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Career Advice for Mechanical Engineering

  1. Apr 16, 2012 #1
    Hi Everyone,

    I am at a road block in my life where I have no idea what to do next in terms of my career plans. I graduated with a Bachelors in Biochemistry, and recently, I realized there was nothing that spoke to me within this field which I could obtain as a career.

    I looked into Mechanical engineering, because I have always been good at/ comfortable/ enjoyed calculations and math, but also because I believe there is freedom within this field to do a wide variety of work. I had an epiphany the other day because I realized that I do not think I am very good at/ enjoy analyzing and using physics, and I fear that the work I do as a professional ME will consists of a lot of concepts with physics.

    I am thinking about going back to school for ME because I want to eventually get into product designing (have not decided for what industry, but interested in environmental or consumer/ industrial goods).

    If there are any professional engineers out there who can tell me what their tasks are as engineers in the work force, and maybe correct me if I am wrong about all the physics involved? ( I realize that the curriculum to obtain an eng degree will require a lot of physics, but I also believe that the work we do in academia is more theoretical and not as applicable to the real world or industry)

    Thanks a lot for all your posts. I really have been struggling with this for a while, and I thought ME was finally the right field for me, but now I am not so sure...
  2. jcsd
  3. Apr 16, 2012 #2
    Dude, you are probably already at least as smart as you need to be to get started.

    Look for internships or jobs in a mechanical side of the biochem job. I don't know what that would be, but maybe something like designing the tubing, pump, and tanks for a algae-fuel startup company. I don't know.

    Don't go back to school unless you are serious. You will dump a bunch of money and you won't necessarily be any closer to a job.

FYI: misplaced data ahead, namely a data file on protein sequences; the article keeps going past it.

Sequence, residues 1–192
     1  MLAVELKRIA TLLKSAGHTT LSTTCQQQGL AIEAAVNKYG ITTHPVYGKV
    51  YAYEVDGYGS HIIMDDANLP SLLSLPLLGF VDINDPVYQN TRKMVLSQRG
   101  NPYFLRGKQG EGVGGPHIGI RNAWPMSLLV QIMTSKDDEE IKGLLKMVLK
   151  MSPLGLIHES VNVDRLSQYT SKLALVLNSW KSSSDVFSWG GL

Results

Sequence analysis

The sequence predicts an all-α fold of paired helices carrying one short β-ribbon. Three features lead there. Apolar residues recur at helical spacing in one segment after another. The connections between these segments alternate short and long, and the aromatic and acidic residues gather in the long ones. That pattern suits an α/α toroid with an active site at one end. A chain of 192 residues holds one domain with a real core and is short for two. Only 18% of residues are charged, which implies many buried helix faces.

I think if I were you, I would get "certified" in Autodesk Inventor or Solidworks so that you have the design skills that are needed. (It's not that hard).
    Then you have a really good resume-- biochem plus Solidworks! Bam!. If I were an employer I would be stoked.

    My 2 cents.
  4. Apr 16, 2012 #3
    Thanks for the reply!

    I actually have been trying to get at that angle for a while now. It seems that it is very difficult to obtain even volunteer work in this area, because this kind of work really requires background knowledge or experience. Maybe I am approaching it in a wrong way, but I find it really difficult to find opportunities for internships in this area, and I feel like all I can really get with my degree is a research bench job.

    I have been working on obtaining certification for SolidWorks, but I don't want to be stuck doing CAD all day on a computer either. Right now, I am trying to assess if going back to school would help me, or if I should just stick to working, even if it is a research position with a biotech company. I would be ok with that now, but honestly, I don't see a future after a couple of years and I don't know what I could do at that point to move forward.

    I was just thinking for the long-term future. I don't believe that my BS in Biochem will sustain me in any other position than research really, and I actually really dislike that environment and kind of work. (I had experience working in a lab while I was pursuing my degree).
  5. Apr 16, 2012 #4
    What is your approx. geographic location?
  6. Apr 16, 2012 #5
    northern california. Silicon valley/ sf bay area
  7. Apr 16, 2012 #6
    Well, you're in just about the best place in the world for having a weird biochem/engineering type thing going on. Granted, you probably have a hell of a lot of competition out there.

    I would just really recommend fully contemplating not going to school. Think about it. You're probably already 24ish. The next 4-5 years are going to be your most productive. Do you want to be holed up in some university, competing against fresh-out-of-hi-school kids?

    I would say, look, you have got a great skills, a good head on you... so see what you can do. Go for it. What would Steve Jobs do?

    I think of it this way:

    What's going to pay off more in "the long-term future":
    5 years working hard building that unique career path?
    5 years in a university, a late start, and not all that much more knowledge (maybe less)?
  8. Apr 16, 2012 #7
    I was actually contemplating about going back for a Master's ( there are some programs I have looked into which are tangible for a person in my situation), because I think that if I wait a couple years, my academic aptitude will be lost.

    But you make a good point to get work experience. It has been my initial plan and I have been trying to do it for months, but the lack of results has made me think twice. I have gone to new creative measures of applying/ getting employer's attention as well. I just don't know what else to do, because I feel like if I can't get work, I should at least make use of my time getting a higher degree.
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